All different excavation methods have their strengths and weaknesses. To decide if hydrovac excavation is right for a given project, it’s good to understand how it stacks against other options.

Air vacuum excavation vs. hydro excavation

Also called air knife excavation, air vacuum excavation is sometimes mistakenly seen as interchangeable with hydro excavation. While both methods use vacuum suction to remove debris, air vacuum excavation only uses air to break up the sediment.

Air vacuum excavation does offer a couple advantages over hydro excavation. For one, the soil it excavates can be immediately returned as backfill, no offsite dumping required. Air vacuum excavators also don’t require a water tank to be refilled periodically.

However, without the addition of water, air vacuums are at a major disadvantage in projects with difficult sediments like compacted soil, clay, or soils that have frozen. What’s more, Air vacuum excavation takes longer than hydrovac excavation.

Hand excavation vs. hydro excavation

The main advantage of digging by hand is that it doesn’t take much – just a person and a shovel. It also allows for good precision. However, the perks end there.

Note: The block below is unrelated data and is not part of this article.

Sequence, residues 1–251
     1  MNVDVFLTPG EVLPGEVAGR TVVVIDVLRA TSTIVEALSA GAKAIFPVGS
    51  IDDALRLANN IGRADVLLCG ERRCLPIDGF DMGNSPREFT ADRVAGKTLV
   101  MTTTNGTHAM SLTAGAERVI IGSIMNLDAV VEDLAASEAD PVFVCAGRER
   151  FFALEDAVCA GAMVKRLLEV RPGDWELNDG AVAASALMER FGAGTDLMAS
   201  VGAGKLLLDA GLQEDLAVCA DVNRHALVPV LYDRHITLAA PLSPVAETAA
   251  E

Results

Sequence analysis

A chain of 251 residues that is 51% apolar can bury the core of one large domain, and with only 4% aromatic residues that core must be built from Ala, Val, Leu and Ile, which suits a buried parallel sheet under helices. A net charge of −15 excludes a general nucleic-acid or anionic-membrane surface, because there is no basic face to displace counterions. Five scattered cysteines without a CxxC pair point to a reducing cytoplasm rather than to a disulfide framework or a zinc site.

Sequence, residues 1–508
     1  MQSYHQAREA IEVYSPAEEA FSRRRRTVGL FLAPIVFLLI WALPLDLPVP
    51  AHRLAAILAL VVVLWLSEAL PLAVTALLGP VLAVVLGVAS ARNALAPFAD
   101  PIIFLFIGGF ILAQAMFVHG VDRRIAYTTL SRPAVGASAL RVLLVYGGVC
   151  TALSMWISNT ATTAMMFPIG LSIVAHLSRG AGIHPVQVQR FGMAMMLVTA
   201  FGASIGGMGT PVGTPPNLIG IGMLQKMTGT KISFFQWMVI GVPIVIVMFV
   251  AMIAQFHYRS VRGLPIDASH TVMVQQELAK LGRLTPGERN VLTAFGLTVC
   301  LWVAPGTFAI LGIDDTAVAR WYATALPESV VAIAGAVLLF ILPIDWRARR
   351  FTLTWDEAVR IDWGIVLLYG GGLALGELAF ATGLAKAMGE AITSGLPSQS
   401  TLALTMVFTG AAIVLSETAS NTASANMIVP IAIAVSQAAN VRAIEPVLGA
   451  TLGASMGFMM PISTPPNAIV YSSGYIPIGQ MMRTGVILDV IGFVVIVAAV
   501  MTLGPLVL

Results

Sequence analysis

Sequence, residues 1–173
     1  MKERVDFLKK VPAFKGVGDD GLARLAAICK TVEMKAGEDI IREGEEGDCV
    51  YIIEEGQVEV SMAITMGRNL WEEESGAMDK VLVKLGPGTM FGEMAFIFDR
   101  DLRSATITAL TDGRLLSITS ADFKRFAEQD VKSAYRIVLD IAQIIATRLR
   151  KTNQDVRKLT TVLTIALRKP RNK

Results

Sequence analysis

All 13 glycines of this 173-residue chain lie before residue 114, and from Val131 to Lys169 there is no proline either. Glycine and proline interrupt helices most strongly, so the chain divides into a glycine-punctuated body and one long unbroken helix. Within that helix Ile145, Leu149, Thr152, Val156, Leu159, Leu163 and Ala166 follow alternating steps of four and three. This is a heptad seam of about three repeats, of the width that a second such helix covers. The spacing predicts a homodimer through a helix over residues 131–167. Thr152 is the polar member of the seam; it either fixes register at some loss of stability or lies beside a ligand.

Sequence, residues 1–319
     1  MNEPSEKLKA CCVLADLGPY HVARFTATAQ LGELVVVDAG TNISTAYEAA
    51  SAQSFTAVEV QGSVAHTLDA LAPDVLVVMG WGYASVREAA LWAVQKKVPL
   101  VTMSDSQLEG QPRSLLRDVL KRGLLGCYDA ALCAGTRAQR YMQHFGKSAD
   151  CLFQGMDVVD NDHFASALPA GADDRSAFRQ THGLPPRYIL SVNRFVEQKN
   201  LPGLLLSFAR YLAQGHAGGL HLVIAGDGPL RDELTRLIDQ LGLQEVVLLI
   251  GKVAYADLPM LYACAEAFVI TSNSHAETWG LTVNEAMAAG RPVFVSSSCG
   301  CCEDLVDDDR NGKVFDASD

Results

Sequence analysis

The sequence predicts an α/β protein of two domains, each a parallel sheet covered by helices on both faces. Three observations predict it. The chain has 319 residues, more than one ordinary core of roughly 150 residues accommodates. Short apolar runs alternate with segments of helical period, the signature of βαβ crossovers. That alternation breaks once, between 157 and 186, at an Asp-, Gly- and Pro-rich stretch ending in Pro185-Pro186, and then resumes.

Hydrovac excavation can achieve a similar level of precision to hand excavation, while offering enormous improvements in speed and safety. It eliminates the risk of a person striking a utility line and suffering a serious injury. It can also do the work of several days’ hand excavation in just a few hours. In most cases, so long as a hydrovac truck can be safely maneuvered into position, hydrovac excavation is the superior choice to hand excavation.

Backhoe vs. hydro excavation

The backhoe has been the ubiquitous excavation choice for years, and it can certainly move a large amount of dirt, fast. However, it can’t do so with the same level of safety as a hydro excavator.

As anyone who’s been in construction for a while can attest to, a backhoe and hidden utilities simply don’t mix. They also create large, imprecise cuts that often require multiple revision passes to complete the work that a hydrovac excavator can handle in a single go. These multiple passes cost time and efficiency, while also exposing the surrounding area to more damage.

For very large projects with no risk of hidden utilities, backhoes can still be a good choice. However, anywhere that precision and speed are essential, a hydrovac has the upper hand.

Try Hydrovac Excavation For Yourself

Whether your next project has utilities to expose, trenches to dig, tough sediments to break up or all of the above, hydrovac excavation is the fast, safe solution for getting it done. To see it in action for yourself, call in the professionals with over 20 years experience: Goliath Hydrovac Inc.